Saga (Vol. 7) by Brian K. Vaughan (writer) and Fiona Staples (artist)

SAGA VOL 7I had to wait nine months for Vol 7 of Brian Vaughan’s Saga, and about a year for Vol 6, after reading the first 5 volumes back-to-back. Saga is my favorite current comic series (actually, the only one I am following at the moment), and if you haven’t read it then go out and read Vol 1 right now. If you like intelligent, snarky, sometimes profane space opera centered on a pair of star-crossed lovers who have a little girl named Hazel and an amazing supporting cast of bounty-hunters, humanoid robots, reporters, and various others all caught up in a galactic war between Wreath and Landfall, you will not be disappointed.

In Saga Vol 7, the story resumes as Marko and Alana are finally back together and Hazel is growing up quickly. Being from opposite sides of the conflict, they are an affront to both and their mixed child is considered an abomination that could undermine the biases that keep the two sides hating each other. They remain on the run from both sides, allied with a former enemy and a former prisoner who harbors a secret. When their ship runs low on fuel, they find they need to make an emergency stop on a comet called Phang. Much of the action takes place on this giant rock, “an exotic land of boundless diversity, home to thousands of different tribes, sects, and species…almost all of whom despited each other.” Phang has long been a battleground mainly because of its rich fuel resources, and much of its local populace lives a precarious existence while civil conflict continues. The parallels to certain geopolitical regions in the real world are painfully obvious, down to the stream of refugees produced by the fighting. Saga has never held back from making strong statements about war, racial prejudice, sexual orientations, and uses its violent content in part to push a strong anti-war sentiment, a recurring theme of the series.

As always, the story is carried along with multiple narrative threads, including that of Alana, Marko, Prince Robot, Petrichor, and Izabel on Phang, where they encounter a group of refugees who look like harmless prairie dogs. They are surprisingly innocent but devoutly religious, living in the ruins, and the overlays with images of adults and children living in the rubble of Syria, Afghanistan, Iraq are certainly deliberate. After all, most civilians just want to live a decent life and avoid getting killed by either side, right? So why do they always end up caught in the crossfire. Our protagonists end up forming familial bonds with them, and Hazel forms a particularly close friendship with a young prairie dog male named Kurti. They’re just two kids growing up in a hostile and cruel world, but like all children they retain an innocent and accepting view of the world around them.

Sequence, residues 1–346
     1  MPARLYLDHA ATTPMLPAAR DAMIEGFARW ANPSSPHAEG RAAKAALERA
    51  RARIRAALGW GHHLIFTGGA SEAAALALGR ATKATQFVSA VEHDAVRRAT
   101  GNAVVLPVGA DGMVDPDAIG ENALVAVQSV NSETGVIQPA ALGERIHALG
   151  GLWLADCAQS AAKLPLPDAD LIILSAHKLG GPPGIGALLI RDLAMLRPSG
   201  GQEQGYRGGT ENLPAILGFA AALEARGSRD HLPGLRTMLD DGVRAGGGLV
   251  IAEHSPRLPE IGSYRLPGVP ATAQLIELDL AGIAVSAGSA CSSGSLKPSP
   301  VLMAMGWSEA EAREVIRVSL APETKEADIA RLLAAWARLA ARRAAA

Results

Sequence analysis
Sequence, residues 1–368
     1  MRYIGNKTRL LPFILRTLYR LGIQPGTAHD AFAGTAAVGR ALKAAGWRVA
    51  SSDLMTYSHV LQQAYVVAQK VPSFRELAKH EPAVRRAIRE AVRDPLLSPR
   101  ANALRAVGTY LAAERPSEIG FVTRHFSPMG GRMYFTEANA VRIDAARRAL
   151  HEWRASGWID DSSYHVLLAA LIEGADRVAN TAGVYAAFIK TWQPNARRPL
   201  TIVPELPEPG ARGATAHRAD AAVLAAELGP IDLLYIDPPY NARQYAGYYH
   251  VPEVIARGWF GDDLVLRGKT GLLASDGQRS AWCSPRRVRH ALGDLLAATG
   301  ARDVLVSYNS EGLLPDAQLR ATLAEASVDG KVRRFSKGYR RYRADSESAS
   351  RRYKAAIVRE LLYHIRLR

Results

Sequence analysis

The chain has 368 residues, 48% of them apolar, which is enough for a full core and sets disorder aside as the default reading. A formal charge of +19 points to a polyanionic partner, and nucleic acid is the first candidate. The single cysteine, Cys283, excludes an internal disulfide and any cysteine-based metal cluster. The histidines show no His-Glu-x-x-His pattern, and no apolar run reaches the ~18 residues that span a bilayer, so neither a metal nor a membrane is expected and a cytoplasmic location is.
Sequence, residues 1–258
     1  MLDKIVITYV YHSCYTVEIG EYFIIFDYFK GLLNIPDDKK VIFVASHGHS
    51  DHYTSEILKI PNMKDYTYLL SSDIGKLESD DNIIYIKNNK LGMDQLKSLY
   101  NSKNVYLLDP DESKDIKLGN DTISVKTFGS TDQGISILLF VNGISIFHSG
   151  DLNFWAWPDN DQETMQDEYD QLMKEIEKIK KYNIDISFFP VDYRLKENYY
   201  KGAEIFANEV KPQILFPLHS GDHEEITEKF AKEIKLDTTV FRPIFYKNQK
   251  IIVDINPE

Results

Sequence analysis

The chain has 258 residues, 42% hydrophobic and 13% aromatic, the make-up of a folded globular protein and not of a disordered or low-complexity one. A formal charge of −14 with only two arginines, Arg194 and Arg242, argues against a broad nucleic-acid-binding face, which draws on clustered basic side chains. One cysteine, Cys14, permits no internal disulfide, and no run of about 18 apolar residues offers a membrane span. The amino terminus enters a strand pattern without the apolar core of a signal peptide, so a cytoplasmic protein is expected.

A separate storyline follows bounty hunter Gwendolyn, a little girl named Sophie rescued from slavery, Lying Cat, and even The Will makes a cameo. They are seeking to make an alliance between elements of both sides, but this storyline is fairly underdeveloped and feels more like a placeholder for events likely to happen in future volumes.

Meanwhile, Marko and the gang have to deal with a ruthless new bounty-hunter named The March, who seems to getting more work since The Will has been on sick leave. And the comet is quickly approaching a very lethal celestial object that is certain to lead to doom unless they find a means of escape…

I flew through the chapters of Vol 7 just as quickly as previous volumes, but as I said in my reviews for Saga Vols 5 & 6, the pace of the story has slowed a bit and the new characters are not quite as fresh and the twists and shocks that were so effective in Vols 1-4 have also lost a bit of their impact. Once again, the series remains very intelligent and is not content just to provide escapism. Vaughan clearly cares very much about the often harsh cruelties of the real world and has found a way to explore them in a quirky and action-filled space opera format unlike any other, so I will continue to follow the fates of his characters, and will be moved when not all of them survive. The ending of this volume is quite tragic and fades to black in a way only possible in comics.

~Stuart Starosta

The seventh volume in the story of Marko, Alana and Hazel, two defecting soldiers from opposite sides of an intergalactic war and their hybrid daughter. As they traverse space in their treehouse-rocketship, they’re hunted by bounty hunters and assassins from both their homeworlds — though at the same time, they’ve managed to pick up a surprisingly number of friends and allies.